Posts Tagged ‘Notice’

Foundation for Action as Fannie Mae CEO Put on Notice for Robust Personal Property Manufactured Home Lending

April 17th, 2019 Comments off



Congress, as part of the Housing and Economic Recovery Act of 2008 (HERA), enacted the Duty to Serve Underserved Markets (DTS), a remedial mandate which directs Fannie Mae and Freddie Mac to “develop loan products and flexible underwriting guidelines to facilitate a secondary market for mortgages on manufactured homes for very low, low and moderate-income families.” (See, 12 U.S.C. 4565(a)). In addition, to ensure that the term “mortgages” is not misconstrued to limit the scope of DTS to manufactured home real estate “mortgage” loans, the same section of HERA expressly provides that “in determining whether an Enterprise has complied” with DTS, the Federal Housing Finance Agency (FHFA) “may consider loans secured by both real and personal property.” (I.e., home-only “chattel loans”). (See, 12 U.S.C. 4565(d)(3)).”



So said Mark Weiss, JD, President and CEO of the Manufactured Housing Association for Regulatory Reform (MHARR) in a letter to Hugh R. Frater, the new Chief Executive Officer (CEO) of Fannie Mae.  As is customary for MHProNews, the quotes from the document shown herein are in bold and brown text, but the phrasing is as in the original, which is linked here as a download.  MHARR’s accompanying press release, is linked below.



Fannie Mae is one of the Government Sponsored Enterprises (GSEs).  The letter from MHARR to Fannie Mae makes several important points.  But it should also be understood as a possible predicate for other action.  The view from the Daily Business News on MHProNews on this matter is this.  With a FexEx delivered letter, there is arguably reduced ‘plausible deniability’ for a top man at Fannie Mae.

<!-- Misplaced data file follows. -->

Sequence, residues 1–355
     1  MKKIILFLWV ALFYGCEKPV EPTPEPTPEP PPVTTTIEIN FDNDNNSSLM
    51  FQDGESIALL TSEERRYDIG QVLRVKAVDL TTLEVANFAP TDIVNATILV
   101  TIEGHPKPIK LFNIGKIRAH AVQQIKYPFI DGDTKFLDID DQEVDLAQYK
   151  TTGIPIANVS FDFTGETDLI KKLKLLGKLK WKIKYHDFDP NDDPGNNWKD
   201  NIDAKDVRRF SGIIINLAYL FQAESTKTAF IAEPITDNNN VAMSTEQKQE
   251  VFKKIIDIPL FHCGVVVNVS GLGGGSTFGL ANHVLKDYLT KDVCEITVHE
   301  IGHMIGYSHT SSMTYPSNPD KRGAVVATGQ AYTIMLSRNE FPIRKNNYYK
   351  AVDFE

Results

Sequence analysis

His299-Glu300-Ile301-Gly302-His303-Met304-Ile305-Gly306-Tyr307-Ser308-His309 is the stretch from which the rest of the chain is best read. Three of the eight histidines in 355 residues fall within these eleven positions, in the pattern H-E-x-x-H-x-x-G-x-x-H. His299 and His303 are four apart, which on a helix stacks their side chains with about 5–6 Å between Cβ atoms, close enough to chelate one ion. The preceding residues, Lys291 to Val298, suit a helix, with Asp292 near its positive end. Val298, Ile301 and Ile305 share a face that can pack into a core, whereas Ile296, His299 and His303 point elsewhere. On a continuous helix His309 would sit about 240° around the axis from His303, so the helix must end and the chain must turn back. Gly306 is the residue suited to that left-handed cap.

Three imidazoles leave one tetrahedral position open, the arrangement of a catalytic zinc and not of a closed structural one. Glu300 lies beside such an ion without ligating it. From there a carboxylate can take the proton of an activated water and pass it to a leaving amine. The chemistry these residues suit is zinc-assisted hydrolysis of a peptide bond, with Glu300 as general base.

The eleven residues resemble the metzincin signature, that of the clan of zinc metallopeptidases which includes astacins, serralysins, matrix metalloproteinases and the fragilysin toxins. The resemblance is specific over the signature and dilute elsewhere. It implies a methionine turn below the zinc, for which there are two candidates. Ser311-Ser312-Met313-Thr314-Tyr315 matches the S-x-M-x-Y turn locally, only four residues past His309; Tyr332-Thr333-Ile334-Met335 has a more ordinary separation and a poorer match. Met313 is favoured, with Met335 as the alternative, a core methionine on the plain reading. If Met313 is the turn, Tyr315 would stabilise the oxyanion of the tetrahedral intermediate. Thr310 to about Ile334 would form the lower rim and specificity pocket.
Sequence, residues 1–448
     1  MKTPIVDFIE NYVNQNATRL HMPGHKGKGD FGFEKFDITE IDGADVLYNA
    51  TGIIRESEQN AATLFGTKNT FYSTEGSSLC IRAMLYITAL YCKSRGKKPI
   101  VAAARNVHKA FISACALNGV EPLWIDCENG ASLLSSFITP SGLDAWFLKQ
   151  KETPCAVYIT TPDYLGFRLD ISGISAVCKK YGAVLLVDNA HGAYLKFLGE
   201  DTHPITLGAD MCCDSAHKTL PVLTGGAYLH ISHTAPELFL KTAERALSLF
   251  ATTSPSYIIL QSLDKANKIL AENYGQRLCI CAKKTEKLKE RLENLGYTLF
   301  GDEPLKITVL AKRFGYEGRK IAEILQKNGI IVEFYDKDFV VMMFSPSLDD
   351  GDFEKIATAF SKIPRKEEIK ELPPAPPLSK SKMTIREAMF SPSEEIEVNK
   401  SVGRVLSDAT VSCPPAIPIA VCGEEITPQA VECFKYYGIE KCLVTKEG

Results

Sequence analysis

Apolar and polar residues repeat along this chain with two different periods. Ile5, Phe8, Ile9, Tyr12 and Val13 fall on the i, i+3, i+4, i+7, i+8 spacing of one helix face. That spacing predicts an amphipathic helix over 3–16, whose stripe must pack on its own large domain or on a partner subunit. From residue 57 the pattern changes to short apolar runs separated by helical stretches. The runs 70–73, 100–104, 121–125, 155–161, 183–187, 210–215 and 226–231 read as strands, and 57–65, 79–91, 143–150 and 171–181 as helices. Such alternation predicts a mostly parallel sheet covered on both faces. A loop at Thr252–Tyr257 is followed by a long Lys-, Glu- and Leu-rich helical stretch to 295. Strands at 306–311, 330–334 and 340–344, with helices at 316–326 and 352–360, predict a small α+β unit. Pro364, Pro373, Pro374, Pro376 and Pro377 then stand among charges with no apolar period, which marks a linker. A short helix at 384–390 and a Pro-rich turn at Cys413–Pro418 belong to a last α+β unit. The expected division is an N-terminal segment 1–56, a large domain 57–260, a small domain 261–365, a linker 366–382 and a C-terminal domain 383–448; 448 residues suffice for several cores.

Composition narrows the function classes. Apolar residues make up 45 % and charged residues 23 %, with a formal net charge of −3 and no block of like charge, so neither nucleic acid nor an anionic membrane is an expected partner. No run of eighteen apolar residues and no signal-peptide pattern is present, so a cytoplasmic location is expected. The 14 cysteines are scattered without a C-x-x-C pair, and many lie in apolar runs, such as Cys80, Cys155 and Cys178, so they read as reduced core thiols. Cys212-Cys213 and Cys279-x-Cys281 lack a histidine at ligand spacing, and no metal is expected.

Rephrased, looking at this from a lay view with a legal lens, they appear to be on notice.

But there is more at play here, because there is a broadside shot at the Omaha-Knoxville-Arlington triangle too.

Here is how that is teed up, as MHARR has repeatedly emphasized in DTS implementation comments to FHFA, the Administration, Fannie Mae and Freddie Mac, as well as in congressional testimony, DTS, without market-significant levels of securitization and secondary market support for manufactured home chattel loans, cannot and will not achieve its remedial objectives within the manufactured housing market as mandated by law.”

Weiss’ letter for MHARR goes on to say, that the GSE’s failure “continues to unduly restrict and constrain the market for inherently affordable, non-subsidized manufactured homes (which again, in 2018, failed to reach its historical production benchmark of 100,000 homes per year), while forcing consumers to pay higher-cost interest rates for manufactured home chattel loans due to extremely limited competition and the parallel domination of the manufactured home consumer lending market by a small number of existing lenders, which primarily are subsidiaries of the largest industry conglomerates, such as Berkshire-Hathaway-owned Clayton Homes, Inc. (Clayton).  Fannie Mae obsequiously describes this de facto stranglehold on the manufactured housing consumer lending market as lending that is “somewhat consolidated amongst a small group of prominent chattel lenders.”